Marginalised drug using women's pleasure and agency

Natasha Du Rose

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This paper discusses the problem of conceptualising female drug user’s pleasure, agency and autonomy in the context of their social and economic marginalization and victimization. It examines how the conceptual tools derived from or influenced by cultural criminology, including Lyng’s edgework and Steven’s subterranean structuration, can illuminate and provide a rich account of marginalised female drug users’ pleasure, agency and resistance. In so doing, it aims to highlight dimensions of female users’ pleasure that are often pathologized as irrational or hedonistic or else silenced and dismissed. It also examines how women’s agency and pleasure is obscured in the broadly male tradition of cultural criminology. And, finally, it explores women drug users’ awareness of and reaction to the gendered discourses in which they operate.
The original research involved a Foucauldian discourse analysis of semi-structured interviews with forty mostly crack and heroin users in three English cities (Bristol, Reading and London) in the UK. The focus of the analysis was the impact of drug policy on the women’s lives. For this paper, the women’s accounts were revisited using a new and different critical lens provided by cultural criminological concepts in order to explore previously obscured elements of pleasure and agency.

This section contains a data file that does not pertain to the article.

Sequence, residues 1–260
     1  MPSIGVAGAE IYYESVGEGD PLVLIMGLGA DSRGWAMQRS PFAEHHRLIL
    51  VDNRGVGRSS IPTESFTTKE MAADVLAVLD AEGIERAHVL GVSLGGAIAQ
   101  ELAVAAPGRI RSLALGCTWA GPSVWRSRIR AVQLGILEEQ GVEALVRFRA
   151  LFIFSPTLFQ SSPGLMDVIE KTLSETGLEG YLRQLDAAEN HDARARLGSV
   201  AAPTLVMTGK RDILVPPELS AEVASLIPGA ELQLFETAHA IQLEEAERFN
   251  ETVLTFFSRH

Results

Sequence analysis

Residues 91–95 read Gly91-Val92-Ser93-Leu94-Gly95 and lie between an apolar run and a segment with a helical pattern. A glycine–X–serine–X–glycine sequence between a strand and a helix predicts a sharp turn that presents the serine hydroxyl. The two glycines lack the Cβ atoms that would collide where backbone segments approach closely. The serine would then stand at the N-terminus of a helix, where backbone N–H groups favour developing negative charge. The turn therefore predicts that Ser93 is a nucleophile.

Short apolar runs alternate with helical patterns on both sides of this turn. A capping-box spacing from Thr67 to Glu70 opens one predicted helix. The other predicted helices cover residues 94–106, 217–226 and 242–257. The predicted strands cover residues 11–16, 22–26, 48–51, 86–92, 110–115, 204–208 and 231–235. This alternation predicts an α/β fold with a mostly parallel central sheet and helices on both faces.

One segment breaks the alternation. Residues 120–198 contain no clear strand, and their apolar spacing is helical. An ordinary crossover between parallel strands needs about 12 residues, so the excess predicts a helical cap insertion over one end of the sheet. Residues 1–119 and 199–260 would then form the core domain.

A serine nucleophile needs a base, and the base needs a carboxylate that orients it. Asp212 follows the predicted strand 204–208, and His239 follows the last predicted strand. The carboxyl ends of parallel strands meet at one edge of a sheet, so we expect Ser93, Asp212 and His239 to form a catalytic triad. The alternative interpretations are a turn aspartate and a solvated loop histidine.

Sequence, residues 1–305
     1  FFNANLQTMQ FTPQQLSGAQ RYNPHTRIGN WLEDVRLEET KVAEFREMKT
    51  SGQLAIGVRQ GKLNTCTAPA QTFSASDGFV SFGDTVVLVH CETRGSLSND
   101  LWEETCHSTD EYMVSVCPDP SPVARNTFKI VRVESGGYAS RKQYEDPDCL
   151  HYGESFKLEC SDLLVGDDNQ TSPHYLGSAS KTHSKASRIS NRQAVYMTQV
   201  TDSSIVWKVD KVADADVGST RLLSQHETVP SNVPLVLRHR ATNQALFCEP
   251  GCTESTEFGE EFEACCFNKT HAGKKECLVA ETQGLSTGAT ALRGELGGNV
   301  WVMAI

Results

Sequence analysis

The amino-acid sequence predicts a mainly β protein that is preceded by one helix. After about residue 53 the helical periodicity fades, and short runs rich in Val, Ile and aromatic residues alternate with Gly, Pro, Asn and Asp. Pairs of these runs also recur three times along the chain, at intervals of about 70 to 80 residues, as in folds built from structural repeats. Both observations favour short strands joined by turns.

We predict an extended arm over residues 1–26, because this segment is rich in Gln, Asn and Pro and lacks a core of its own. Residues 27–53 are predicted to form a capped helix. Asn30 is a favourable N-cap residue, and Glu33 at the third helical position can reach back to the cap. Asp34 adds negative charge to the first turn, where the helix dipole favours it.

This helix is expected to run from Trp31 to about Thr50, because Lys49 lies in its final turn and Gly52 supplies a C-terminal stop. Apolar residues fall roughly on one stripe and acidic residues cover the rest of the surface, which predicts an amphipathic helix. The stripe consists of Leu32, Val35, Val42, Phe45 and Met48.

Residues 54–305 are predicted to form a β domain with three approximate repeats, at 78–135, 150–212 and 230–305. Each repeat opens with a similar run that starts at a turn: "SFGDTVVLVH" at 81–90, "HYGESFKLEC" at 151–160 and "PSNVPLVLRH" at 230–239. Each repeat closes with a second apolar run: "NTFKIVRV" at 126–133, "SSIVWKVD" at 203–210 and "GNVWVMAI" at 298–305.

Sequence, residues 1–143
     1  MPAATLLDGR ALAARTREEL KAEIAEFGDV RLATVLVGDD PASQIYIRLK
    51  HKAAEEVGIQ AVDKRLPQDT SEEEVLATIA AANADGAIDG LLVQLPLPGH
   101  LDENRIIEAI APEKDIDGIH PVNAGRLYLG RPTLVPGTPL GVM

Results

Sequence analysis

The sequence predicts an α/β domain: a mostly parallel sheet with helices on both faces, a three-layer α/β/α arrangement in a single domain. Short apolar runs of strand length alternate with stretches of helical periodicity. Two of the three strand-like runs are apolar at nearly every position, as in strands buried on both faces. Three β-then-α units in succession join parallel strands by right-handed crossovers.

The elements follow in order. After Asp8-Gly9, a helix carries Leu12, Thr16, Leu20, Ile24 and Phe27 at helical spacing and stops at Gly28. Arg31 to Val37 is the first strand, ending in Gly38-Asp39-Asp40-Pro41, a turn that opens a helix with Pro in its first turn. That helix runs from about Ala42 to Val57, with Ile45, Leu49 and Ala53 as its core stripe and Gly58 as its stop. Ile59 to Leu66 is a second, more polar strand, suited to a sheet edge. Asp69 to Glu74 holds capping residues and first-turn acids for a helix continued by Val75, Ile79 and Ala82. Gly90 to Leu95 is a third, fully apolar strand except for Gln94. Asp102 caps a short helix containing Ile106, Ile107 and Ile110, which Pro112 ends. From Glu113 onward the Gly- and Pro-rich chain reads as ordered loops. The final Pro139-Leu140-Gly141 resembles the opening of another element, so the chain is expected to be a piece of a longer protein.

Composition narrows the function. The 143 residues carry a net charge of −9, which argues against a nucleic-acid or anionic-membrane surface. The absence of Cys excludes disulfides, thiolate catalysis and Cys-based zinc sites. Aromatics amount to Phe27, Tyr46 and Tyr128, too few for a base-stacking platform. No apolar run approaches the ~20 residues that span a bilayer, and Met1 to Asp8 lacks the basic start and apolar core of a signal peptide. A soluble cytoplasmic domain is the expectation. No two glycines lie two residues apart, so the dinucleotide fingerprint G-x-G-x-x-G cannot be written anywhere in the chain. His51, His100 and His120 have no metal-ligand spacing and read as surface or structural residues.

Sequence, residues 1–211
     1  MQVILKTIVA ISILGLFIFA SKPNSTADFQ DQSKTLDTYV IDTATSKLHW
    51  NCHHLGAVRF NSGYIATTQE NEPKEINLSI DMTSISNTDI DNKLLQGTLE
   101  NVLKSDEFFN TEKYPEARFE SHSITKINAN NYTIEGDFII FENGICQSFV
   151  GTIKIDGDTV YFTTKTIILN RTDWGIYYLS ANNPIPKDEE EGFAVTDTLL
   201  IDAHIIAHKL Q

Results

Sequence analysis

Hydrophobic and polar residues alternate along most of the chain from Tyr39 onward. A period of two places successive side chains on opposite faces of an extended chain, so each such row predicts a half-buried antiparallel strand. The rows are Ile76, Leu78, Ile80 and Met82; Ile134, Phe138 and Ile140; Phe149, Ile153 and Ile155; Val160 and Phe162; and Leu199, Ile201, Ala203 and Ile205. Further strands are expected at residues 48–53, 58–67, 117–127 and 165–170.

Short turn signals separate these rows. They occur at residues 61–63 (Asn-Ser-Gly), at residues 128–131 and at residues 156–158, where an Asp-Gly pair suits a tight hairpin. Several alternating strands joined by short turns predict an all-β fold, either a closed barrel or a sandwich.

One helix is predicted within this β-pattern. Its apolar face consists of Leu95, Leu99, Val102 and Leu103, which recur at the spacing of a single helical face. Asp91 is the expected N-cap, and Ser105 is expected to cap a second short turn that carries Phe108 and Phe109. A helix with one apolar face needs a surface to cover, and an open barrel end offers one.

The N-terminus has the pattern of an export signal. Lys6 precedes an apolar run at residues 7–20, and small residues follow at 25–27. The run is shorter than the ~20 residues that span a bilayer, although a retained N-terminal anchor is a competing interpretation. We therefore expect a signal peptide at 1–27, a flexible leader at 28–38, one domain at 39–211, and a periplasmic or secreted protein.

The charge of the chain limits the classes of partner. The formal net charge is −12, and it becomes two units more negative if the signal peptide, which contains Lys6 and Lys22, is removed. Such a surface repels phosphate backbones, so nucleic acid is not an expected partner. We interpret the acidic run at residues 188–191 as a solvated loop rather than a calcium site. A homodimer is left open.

The women’s accounts demonstrated drug using pleasures involving the transcendence of everyday reality in a continual negotiation of the ‘edge’, for example, of pleasure and pain and a disordered and ordered sense of self. It explores how the women’s narratives undermined constructions of drug use as a descent into chaos and unreason as it enabled them to manage emotional pain and trauma and at times feel more in control of their lives. It examines how becoming part of a subterranean drug culture enabled them to embrace an exciting and unpredictable lifestyle which provided a relief from their otherwise unremarkable and uneventful lives. It also redressed their limited earning potential and gave them a sense of belonging with others like them. At times, without loved ones or community networks of support, the women were always able to turn to drugs for company and comfort and this helped them survive. Offering access to quick and easy money, the lifestyle gave the women status and allowed them to feel as if they could be somebody rather than nobody. Finally, the paper examines the ways in which the women used their skills and prowess to survive and create and maintain a positive identity for themselves by taking and staying in control and resisting gendered oppression.
Original languageEnglish
Number of pages34
JournalSocial History of Alcohol and Drugs
Publication statusPublished - 16 Nov 2017

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